Well, she sees me as a mentor. Because I did introduce her to her husband, and actually, got her to uh, finish her college degree when she was a nontraditional student. And you’re right that there are very few Filipinos in a lot of places, and that’s one of the reasons why I am active in politics. It’s because I think that that is a venue for Filipinos to improve their status in the State of Hawaii. And, like, Neil Abercrombie and I do go back a long way, and he is a strong friend of Ben Cayetano also. And so I used to ask Neil Abercrombie to help us on Filipino immigrant issues. So he would.
And so, how did it come to be that you introduced Nancy Caraway to Neil Abercrombie, and they’ve been married for decades?
Well, she was a nontraditional student. She didn’t have a BA. I, at the time, had already gotten a PhD. And she attended a workshop for women returning to college, and I suggested that she interview Neil Abercrombie for her term paper. And they got to meet each other, and that’s history. And as I always tell everyone, I also helped them get their first apartment, which is even harder.
[CHUCKLE] And did you see that happening? Did you see sparks, or did you think that would happen?
No, I didn’t. I didn’t know Nancy that well, either. She was one of the women that I was getting to know. And of course, we have become good friends since then, but at the time, I didn’t know her that well.
In 2010, Amy Agbayani served as honorary co-chair for Neil Abercrombie’s successful campaign for Governor of Hawaii. He’s one of the politicians she has identified with, and supported, in campaign after campaign.
Sometimes it’s hard for me to picture you working in politics, just because there are so many aspects of it that you get your feet dirty sometimes, right? I mean, it’s not a pleasant business some of the time, because of the devil in the details, and the stuff that you have to navigate.
Well, that’s why I’m in politics, and not in a—I pick which things I will participate in. Some people think I should run for office. The only thing I do is run races, 10K or the marathon, but I didn’t personally want to run for office, because then, you have to do that a hundred percent. Whereas, I pick and choose, and so you know, I support this candidate, or that candidate, or I’m interested in this issue, or that or another issue, but it’s not a hundred percent. By the way, I have not won every battle, and I have supported people who have been beaten up and lost. For example, everyone thinks of Patsy Mink only of the successes she’s had, but I’ve helped Patsy Mink when she lost three to one, think, against Sparky Matsunaga. So I’ve been on the losing side on a number of issues. But I keep coming back to the Legislature.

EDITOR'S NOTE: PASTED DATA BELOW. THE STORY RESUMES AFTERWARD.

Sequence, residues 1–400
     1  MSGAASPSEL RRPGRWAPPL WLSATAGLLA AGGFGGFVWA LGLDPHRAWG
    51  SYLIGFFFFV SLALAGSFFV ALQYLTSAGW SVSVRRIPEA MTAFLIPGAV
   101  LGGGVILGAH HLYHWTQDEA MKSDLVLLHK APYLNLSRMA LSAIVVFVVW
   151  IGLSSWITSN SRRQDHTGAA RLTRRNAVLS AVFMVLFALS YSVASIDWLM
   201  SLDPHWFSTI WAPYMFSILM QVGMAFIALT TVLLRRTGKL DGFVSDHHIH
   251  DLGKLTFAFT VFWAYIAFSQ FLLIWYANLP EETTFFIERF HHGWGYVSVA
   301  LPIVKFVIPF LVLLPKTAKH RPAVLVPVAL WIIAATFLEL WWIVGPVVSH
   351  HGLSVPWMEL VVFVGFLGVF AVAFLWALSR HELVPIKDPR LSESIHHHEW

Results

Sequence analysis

So when people read a position you’ve taken, it comes across strong, and wow. And then, when they meet you, you’re mild mannered.
Well, I think I actually play the special role in Hawaii politics. And that is that I’m on the streets demonstrating on some issue, but at the same time, I have developed access to insiders in the Legislature, and even in corporate business, to try and make sure that we have access to those resources, too. We’re knocking at the door oftentimes, and so I do try to have friends on the other side, or people who are decision making. ‘Cause most of the groups that I am supporting are not at the table.
So you need to know people who have power, to partner with those who—
And some of the young students, they call me Manang Amy. They think that I’ve always had access. I said, Hey, no. I couldn’t even get to talk to the Superintendent of Public Schools before, when I was working in Operation Manong. He wouldn’t answer my phone calls. So we actually—one of the things we did was, we’d have press conferences, and he would say, Who is that? I said, I wouldn’t have had this press conference if you had answered my phone call.
You are still, in a sense, the head of OM, which used to stand for Operation Manong. But now, it stands for the Office of Multicultural—
Student Services. And that’s just one of many programs that I have at the University of Hawaii. I made up the office name; it’s called SEED, Student Equity, Excellence, and Diversity. And I sort of say, you can’t have one without of the other. You can’t have excellence, unless you also pay attention, or you should pay attention to diversity, and inclusiveness, and equity.
At the time of this conversation in 2010, Amy Agbayani oversees more than twenty programs addressing the needs of students from underrepresented groups, in terms of age, academic ability, ethnicity, disability, economic class, culture, gender, race, religion, and sexual orientation.
This group is just like any other support services I have for Hawaiians or Filipinos. We try to make sure that they get through college, that they know how to navigate the University system, that they feel comfortable, and that they are encouraged to fully participate in student government, or make presentations about their issues. So we have one program like that, and we’re one of the few in the country that has a tenured faculty member assisting gay and lesbian students. My whole program, by the way, used to be threatened all the time. For example, when there would be a one percent budget cut at the University, my program would be identified for a hundred percent cut. Me, Ethnic Studies, Women’s Studies; they would line us out. I said, Excuse me. But now at least, we’re on par with Physics and Math, and Geography, and so forth. And so that when they do come to deciding or allocating budgets, we hold our own.